In the vulture temple

Director´s view

Miroslav Bobek  |  12. 01. 2019


After climbing 565 stairs in the Indian town of Tirukalukundram, we reached the top of the mountain, which features a Hindu temple complex known as the Eagle or Vulture Temple. This has gained fame outside of the state of Tamil Nadu because it was on these cliffs, with a broad view of the surrounding countryside, that the priests offered rice, ghee or sugar to two Egyptian Vultures. Apparently, the carrion-eating couple flew in at the same time each day – unless there was a sinner among the pilgrims.

The entrance to the temple complex on the mountain in Tirukalukundram. The word eagle or vulture is also part of the ancient name of this site. Photo: Miroslav Bobek, Zoo Praha The entrance to the temple complex on the mountain in Tirukalukundram. The word eagle or vulture is also part of the ancient name of this site. Photo: Miroslav Bobek, Zoo Praha

This time it was worse climbing those 565 stairs to the top of the mountain, to the temple dedicated to Shiva, than twenty years ago, when I was here for the first time. But nothing has changed. Unfortunately, not even the fact that the vultures no longer fly to the temple for the oblations put there by the priests. Only two or three images recall them, which could easily be interpreted as though they captured a random event. The fact of the matter is, however, that the Egyptian Vulture pair were part of the temple from time immemorial. The 1926 edition of The South Indian Railway Illustrated Guide stated that official records show the “eagles” had been visiting the cliffs at the temple for at least two hundred years. Later sources also document that the Egyptian Vultures were nesting directly at the temple building on the top of the mountain.

The photo, by ethnographer Edgar Thurston, is the first to show the sacred vultures in the temple in Tirukalukundram. It was published in his book in 1906. The photo, by ethnographer Edgar Thurston, is the first to show the sacred vultures in the temple in Tirukalukundram. It was published in his book in 1906.

The last time the Egyptian Vultures turned up to “their” temple was probably in 1994; just a few years before I visited it for the first time. That date has led to the conclusion that even the vultures associated with the temple in Tirukalukundram fell afoul of the huge crisis that has led to the almost complete extinction of vultures in India. This is mainly associated with the introduction of diclofenac for the treatment of cattle, as this is highly toxic for vultures. Unlike other vulture species, however, Egyptian Vultures, as well as Red-headed Vultures, started dying off slightly later in India, so diclofenac may not be entirely to blame. The unfortunate fact is that the number of Egyptian Vultures in India is now just a tiny fraction of what it once was – and there is not even an estimate of how many of them remain to this day.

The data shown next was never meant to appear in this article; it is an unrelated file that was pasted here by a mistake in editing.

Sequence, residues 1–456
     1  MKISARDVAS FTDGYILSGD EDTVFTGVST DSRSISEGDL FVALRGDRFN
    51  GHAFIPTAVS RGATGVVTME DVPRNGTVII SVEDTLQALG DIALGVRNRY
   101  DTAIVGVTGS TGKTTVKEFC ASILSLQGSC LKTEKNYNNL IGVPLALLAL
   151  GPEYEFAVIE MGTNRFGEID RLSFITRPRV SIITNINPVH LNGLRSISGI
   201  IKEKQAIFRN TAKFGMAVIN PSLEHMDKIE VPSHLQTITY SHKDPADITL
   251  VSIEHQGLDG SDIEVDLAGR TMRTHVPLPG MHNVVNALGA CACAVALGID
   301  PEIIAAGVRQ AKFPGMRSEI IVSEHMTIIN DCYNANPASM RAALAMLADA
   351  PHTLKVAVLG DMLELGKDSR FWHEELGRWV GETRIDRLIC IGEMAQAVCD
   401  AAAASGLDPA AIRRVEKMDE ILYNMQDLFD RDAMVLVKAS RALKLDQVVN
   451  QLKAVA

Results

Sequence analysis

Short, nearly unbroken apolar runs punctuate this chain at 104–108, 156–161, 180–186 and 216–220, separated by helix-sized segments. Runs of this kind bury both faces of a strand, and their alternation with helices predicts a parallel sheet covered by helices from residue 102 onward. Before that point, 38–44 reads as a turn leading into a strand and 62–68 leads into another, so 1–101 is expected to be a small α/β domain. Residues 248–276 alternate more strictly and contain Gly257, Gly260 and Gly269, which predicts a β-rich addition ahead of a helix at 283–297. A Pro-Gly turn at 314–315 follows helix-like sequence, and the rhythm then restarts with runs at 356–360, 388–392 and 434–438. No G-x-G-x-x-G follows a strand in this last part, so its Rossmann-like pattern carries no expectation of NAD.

Did the vultures really fly in for vegetarian offerings? Why not. Based on our zoo’s experiences they are very curious and, for example, will eat mixes of ducks or Chinese cabbage. Photo: Miroslav Bobek, Zoo PrahaDid the vultures really fly in for vegetarian offerings? Why not. Based on our zoo’s experiences they are very curious and, for example, will eat mixes of ducks or Chinese cabbage. Photo: Miroslav Bobek, Zoo Praha

The situation is further complicated by the fact that most of India is inhabited by a local subspecies of the Egyptian Vulture – Neophron percnopterus ginginianus. Does this Indian scavenger have a chance of survival? Will the vultures ever return to “their” temple? I have serious misgivings, unless they have human help. The basis for a conservation programme might perhaps be keeping individuals of this sub-species in captivity. However, there are only 22 in European zoos, and, by all accounts, even less in Indian ones. It would be a huge task, with an uncertain outcome. But it would be worthwhile for someone to give it a go. Who knows, maybe it could happen in our lifetime. Perhaps the return of the Egyptian Vultures could even begin at the temple in Tirukalukundram. For that I would even try to ascend those 565 stairs twenty years from now!